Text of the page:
Brute Force Detection

Current Release:
http://www.rfxn.com/downloads/bfd-current.tar.gz
http://www.rfxn.com/appdocs/README.bfd
http://www.rfxn.com/appdocs/CHANGELOG.bfd

Description
BFD is a modular shell script for parsing application logs and checking for authentication failures. It does this using a rules system where application-specific options are stored including regular expressions for each unique auth format. The regular expressions are parsed against logs using the ‘sed’ tool (stream editor) which allows for excellent performance in all environments. In addition to the benefits of parsing logs in a single stream with sed, BFD also uses a log tracking system so logs are only parsed from the point which they were last read. This greatly assists in extending the performance of BFD even further as we are not constantly reading the same log data. The log tracking system is compatible with syslog/logrotate style log rotations which allows it to detect when rotations have happened and grab log tails from both the new log file and the rotated log file.

You can leverage BFD to block attackers using any number of tools such as APF, Shorewall, raw iptables, ip route or execute any custom command. There is also a fully customizable e-mail alerting system with an e-mail template that is well suited for everyday use or you can open it up and modify it. The attacker tracking in BFD is handled using simple flat text files that are size-controlled to prevent space constraints over time, ideal for diskless devices. There is also an attack pool where trending data is stored on all hosts that have been blocked including which rule the block was triggered by.

In the execution process, there is simply a cron job that executes BFD once every 3 minutes by default. The cronjob can be run more frequently for those that desire it and doing so will not cause any performance issues (no less than once a minute). Although cron execution does not permit BFD to act in real time, the log tracking system ensures it never misses a beat in authentication failures. Further, using cron provides a reliable framework for consistent execution of BFD in a very simplified fashion across all *nix platforms.

Funding:
Funding for the continued development and research into this and other projects is solely dependent on public contributions and donations. If this is your first time using this software we ask that you evaluate it and consider a small donation; for those who frequent and are continued users of this and other projects we also ask that you make an occasional small donation to help ensure the future of our public projects.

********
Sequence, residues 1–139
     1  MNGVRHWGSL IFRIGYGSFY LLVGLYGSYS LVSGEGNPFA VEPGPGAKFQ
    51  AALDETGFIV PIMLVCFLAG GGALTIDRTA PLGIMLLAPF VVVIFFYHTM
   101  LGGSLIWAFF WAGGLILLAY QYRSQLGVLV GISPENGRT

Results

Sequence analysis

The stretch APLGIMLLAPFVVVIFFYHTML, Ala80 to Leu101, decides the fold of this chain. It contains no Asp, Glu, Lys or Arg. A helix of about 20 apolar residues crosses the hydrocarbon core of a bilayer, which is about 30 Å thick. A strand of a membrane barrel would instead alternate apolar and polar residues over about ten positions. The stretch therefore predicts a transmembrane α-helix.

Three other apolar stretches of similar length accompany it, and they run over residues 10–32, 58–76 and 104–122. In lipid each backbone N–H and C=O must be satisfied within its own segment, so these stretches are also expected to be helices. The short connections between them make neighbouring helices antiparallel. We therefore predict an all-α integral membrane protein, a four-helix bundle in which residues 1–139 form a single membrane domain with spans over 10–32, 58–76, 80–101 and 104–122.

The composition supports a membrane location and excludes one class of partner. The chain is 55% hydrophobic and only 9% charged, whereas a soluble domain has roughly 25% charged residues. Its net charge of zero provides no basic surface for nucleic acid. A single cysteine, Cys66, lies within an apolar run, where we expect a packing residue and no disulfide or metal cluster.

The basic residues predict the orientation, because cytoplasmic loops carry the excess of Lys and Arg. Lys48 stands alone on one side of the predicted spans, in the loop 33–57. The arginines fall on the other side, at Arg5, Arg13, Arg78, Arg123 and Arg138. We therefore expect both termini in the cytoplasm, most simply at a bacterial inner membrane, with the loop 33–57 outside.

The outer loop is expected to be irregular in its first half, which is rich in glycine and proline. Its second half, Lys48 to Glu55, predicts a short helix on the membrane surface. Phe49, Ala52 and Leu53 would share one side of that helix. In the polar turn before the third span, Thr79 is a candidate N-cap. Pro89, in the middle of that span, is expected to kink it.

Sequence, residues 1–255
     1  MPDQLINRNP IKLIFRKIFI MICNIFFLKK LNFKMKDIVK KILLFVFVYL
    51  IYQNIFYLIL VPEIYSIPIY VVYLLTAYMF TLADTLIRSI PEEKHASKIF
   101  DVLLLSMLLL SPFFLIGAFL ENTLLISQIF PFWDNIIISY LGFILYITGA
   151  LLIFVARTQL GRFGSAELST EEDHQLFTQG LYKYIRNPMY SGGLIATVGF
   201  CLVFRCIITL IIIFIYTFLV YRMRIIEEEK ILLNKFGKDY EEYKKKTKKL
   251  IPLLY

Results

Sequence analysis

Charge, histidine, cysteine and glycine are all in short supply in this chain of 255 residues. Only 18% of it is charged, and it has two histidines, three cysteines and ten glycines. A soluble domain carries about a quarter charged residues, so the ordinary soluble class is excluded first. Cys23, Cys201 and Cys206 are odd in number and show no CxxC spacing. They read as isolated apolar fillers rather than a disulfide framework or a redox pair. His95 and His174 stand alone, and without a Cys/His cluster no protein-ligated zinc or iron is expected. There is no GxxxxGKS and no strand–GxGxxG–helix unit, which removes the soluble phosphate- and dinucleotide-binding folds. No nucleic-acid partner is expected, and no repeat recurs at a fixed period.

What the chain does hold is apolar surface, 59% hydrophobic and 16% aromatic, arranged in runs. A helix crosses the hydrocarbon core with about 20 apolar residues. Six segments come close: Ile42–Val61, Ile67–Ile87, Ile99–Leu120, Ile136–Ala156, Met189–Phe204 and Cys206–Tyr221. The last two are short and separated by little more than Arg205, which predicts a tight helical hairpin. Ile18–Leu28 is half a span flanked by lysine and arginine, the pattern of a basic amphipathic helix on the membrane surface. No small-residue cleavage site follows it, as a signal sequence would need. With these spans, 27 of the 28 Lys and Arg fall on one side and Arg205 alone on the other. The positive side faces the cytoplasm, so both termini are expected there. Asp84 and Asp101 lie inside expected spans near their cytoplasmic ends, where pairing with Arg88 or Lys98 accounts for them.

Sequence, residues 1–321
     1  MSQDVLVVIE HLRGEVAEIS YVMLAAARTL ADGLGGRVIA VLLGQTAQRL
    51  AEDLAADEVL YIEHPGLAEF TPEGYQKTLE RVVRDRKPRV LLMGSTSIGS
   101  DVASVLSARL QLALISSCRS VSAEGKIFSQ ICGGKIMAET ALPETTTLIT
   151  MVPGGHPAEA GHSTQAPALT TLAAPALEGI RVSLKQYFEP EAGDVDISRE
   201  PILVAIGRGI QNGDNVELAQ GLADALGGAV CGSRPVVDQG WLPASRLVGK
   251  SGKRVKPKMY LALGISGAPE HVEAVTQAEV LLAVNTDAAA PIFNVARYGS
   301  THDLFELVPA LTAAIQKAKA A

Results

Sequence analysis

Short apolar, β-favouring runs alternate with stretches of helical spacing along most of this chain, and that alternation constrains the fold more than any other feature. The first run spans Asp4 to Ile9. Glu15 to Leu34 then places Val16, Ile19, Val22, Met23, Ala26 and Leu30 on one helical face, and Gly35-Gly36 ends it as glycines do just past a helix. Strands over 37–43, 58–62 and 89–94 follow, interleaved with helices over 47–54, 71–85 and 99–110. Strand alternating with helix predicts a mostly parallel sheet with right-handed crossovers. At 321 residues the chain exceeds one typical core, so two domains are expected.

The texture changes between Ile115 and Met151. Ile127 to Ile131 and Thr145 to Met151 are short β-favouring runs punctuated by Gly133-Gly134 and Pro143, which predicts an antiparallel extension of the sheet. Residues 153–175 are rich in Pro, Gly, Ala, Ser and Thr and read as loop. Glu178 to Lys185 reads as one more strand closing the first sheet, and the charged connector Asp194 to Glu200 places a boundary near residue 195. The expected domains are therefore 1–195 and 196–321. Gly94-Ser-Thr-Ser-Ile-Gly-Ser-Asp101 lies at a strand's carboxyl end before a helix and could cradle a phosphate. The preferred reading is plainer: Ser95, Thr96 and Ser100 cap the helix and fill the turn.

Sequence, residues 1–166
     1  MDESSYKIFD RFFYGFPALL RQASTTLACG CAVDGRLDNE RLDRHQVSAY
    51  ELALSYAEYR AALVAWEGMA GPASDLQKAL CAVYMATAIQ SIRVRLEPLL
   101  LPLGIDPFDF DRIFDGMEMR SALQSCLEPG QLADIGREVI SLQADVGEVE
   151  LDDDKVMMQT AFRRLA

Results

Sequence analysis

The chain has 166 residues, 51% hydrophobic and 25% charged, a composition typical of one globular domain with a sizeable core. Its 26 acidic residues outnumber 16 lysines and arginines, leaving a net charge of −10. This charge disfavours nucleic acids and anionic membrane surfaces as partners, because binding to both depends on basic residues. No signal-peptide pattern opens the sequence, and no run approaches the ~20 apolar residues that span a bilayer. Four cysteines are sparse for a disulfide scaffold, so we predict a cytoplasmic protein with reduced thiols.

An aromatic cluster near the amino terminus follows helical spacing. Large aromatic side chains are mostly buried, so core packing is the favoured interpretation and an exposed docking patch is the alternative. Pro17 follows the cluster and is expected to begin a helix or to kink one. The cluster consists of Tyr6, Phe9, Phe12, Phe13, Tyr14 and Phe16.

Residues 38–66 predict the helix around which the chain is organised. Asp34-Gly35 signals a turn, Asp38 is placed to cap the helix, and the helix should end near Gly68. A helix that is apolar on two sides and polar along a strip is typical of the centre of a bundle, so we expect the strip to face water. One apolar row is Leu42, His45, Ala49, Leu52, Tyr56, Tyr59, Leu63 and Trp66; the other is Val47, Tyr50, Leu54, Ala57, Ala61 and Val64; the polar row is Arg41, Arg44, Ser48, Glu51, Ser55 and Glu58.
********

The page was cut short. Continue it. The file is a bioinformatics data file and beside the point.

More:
100 Replies to “Brute Force Detection”

  1. Hi Ryan..

    the cron doesn’t work on ubuntu.. the problem is with mail line.. it should read MAILTO=””…. Or Maybe it would be better to add >/dev/null 2>&1 at the end of command?

  2. Hello,

    Can you help me, please?

    What would the command to Deny a range of IP?
    For example 92.38.128.0 to 92.38.255.255

    Thanks

  3. So, running APF + BFD at the same time is over kill right?

    I’m actually doing this at the moment, and it seems redundant.

    APF sends me:
    The following is a summary event for exceeded login failures on server.spanet.net:

    SOURCE ADDRESS: 89.122.36.158
    TARGET SERVICE: sshd
    FAILED LOGINS: 95
    EXECUTED COMMAND: /etc/apf/apf -d 89.122.36.158 {bfd.sshd}

    SOURCE LOGS FROM SERVICE ‘sshd’ (GMT -0400):

    Jul 1 07:54:47 server sshd[13794]: Failed password for root from ::ffff:89.122.36.158 port 57538 ssh2
    Jul 1 07:54:47 server sshd[13795]: Failed password for root from ::ffff:89.122.36.158 port 57545 ssh2

    BFD sends me (enabled thru WHM/Cpanel):
    5 failed login attempts to account root (system) — Large number of attempts from this IP: 89.122.36.158

    I have been using your APF server saver for years (installed via ssh). Only recently I decided to enable BFD also (from WHM).

    Your thoughts on this would be helpful.
    Thank you for your time and dedication to server security!

    1. The alerts you think are from APF are actually BFD, APF is a firewall facility, BFD detects brute force attacks and hands them off to APF for filtering. The BFD features in WHM are independent of the rfxn.com BFD project you have installed, WHM BFD though overlaps with rfxn.com BFD in some areas, in general, rfxn.com BFD covers more services for you and as such blankets the server with better protection. So, there should be no real performance impact by leaving rfxn.com BFD and WHM BFD enabled, do not uninstall APF as it is not in any way performing brute force detection, it is simply the firewall facility that allows or denies traffic to the server based on its configuration.

      For more details on each of the respective projects please refer to their project pages:
      http://www.rfxn.com/projects/advanced-policy-firewall/
      http://www.rfxn.com/projects/brute-force-detection/

  4. BFD runs as a cronjob so after reboots, it will still execute normally. You should see bans in /var/log/bfd_log assuming things are running properly. You can run bfd -s and see if it is running without errors.


    Darin:

    =If an IP has been banned, which log will the banned IP be in?

    And if I do a container reboot, will this program still be in affect?

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